Summers drive her crazy. If I don’t make a routine for her, she does. An hour of reading, an hour of studying an animal and writing an essay, followed by a half hour of activity and an hour of free time; for example.

My childhood fancies such as treasuring hours colouring or sorting crayons into rainbows doesn’t interest her. The things I loved- suddenly deciding to go for ice cream as a rapid change of plan, are not the things she will love. I cannot make haphazard decisions and changes. Her brain needs at least a half hour to switch gears. Even at school, changing from one class to another is hard for her. The teacher has started to announce that they will be changing to another subject in 20, 10, 5 minutes….

I guess I am partly mourning that she has never been the carefree child I once was. I knew the first time I held her that she wouldn’t be- just had a sense. I remember thinking, at the first feeding in the hospital, “This child is going to be a lot. This girl is going to need another level of love, parenting and attention.” I remember sighing after that thought, but I had forgotten about it until we recently got the 2E diagnosis. When it came rushing back to me, I thought, “Now that memory makes sense!”

My daughter is smart enough to know she is unique. She is intuitive enough to know what people want or expect from her and changes her natural responses to suit them. This constant tamping down of her natural inclinations concerns me.

Now, we have a diagnosis.

All this time, Josh and I have read parenting books, talked to other parents, and tried to see what our daughter wanted with her actions. Even though we kept trying to adjust our parenting, we still felt we were swimming against the tide. What we were doing didn’t fit. The result was an anxious child who still had tantrums and whose concerns were so big we felt worried for her.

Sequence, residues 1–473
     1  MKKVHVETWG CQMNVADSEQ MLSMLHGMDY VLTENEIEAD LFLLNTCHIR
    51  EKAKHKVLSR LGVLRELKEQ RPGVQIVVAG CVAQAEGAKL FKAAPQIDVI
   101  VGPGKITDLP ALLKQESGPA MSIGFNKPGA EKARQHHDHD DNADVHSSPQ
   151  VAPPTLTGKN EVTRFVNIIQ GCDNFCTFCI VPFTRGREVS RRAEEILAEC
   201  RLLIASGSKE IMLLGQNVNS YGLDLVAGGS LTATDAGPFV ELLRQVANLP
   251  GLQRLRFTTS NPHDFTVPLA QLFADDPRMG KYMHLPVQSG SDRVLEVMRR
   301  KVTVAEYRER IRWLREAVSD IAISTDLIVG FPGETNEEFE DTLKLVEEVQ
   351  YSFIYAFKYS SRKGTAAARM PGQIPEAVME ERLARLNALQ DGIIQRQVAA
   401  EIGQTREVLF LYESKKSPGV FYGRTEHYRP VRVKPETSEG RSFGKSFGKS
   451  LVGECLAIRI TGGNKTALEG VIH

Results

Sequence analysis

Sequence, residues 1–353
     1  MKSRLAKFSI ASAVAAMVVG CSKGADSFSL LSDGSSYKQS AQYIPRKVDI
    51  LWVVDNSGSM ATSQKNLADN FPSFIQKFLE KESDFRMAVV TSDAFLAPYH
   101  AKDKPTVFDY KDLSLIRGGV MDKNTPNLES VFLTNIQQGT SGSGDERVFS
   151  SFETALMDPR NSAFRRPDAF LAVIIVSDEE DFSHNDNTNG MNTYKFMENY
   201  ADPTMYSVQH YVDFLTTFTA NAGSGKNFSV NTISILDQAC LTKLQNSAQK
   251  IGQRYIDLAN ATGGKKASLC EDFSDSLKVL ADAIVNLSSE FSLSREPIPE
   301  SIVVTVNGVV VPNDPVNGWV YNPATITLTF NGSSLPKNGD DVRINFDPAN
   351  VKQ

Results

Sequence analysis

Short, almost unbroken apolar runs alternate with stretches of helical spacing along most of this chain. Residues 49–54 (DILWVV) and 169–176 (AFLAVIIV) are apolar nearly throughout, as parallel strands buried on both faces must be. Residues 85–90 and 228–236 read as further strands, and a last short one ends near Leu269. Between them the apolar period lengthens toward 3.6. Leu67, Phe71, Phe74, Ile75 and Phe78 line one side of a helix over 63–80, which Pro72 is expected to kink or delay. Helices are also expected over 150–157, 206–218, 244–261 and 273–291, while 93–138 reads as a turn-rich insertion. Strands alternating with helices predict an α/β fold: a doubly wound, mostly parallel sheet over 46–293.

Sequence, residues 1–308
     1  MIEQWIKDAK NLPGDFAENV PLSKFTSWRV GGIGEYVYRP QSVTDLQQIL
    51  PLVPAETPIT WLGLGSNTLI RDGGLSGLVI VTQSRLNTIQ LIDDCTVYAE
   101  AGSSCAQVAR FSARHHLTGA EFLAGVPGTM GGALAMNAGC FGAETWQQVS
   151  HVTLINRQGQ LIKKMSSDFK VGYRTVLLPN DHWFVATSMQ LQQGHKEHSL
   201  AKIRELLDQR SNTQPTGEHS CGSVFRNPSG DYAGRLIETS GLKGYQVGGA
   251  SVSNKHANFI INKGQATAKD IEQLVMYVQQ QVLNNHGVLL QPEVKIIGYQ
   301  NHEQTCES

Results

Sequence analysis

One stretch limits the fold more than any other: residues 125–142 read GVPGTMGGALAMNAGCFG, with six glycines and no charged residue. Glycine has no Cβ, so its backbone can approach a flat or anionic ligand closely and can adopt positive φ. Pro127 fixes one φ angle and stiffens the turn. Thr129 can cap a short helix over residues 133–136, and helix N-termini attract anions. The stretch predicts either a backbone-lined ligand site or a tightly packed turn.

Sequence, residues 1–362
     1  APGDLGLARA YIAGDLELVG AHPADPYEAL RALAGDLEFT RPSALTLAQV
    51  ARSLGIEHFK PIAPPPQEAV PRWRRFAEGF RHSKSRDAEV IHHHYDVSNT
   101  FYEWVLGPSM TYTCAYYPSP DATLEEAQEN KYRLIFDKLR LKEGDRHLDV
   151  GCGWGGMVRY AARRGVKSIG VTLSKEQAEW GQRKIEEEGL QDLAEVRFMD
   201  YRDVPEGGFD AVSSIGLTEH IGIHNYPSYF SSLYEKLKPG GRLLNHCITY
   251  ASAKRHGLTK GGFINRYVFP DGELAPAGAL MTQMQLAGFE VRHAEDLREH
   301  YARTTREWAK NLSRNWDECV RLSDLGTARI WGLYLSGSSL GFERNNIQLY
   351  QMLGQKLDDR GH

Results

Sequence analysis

Now we know how she ticks, but in a small way.

Now we know she is 2E (twice-exceptional): both gifted and ADHD.

I don’t see these as problems or concerns, but opportunity.

Still, I cry: Out of relief for a diagnosis, out of frustration that it’s such a niche community and hard to find information that suits our unique child, out of overwhelm of what this means for our parenting and organization, out of gratefulness for our psychologists that worked tirelessly to find answers for us.

I have so many tabs open on my computer- articles to read and videos to watch. It feels like I’m researching a thesis for a master’s degree! But when our daughter is reacting to something, I want the right response for her. My knee-jerk reactions aren’t right for her. So I will research, which suits the nerd in me, and work really hard to see Isabella. See her for who she is, what works best for her. I believe kids are born with their personality set, as fully formed humans- and we are here to guide them the best that we can so that they can thrive.

And so I cry at the daunting task ahead of me, not even sure of what questions I have, or what direction I want to go. It is overwhelming but Josh is a great partner, Isabella is an amazing person and Hunter is a supportive brother. We will find our way.

But for now, I cry as a release. It has been a long road.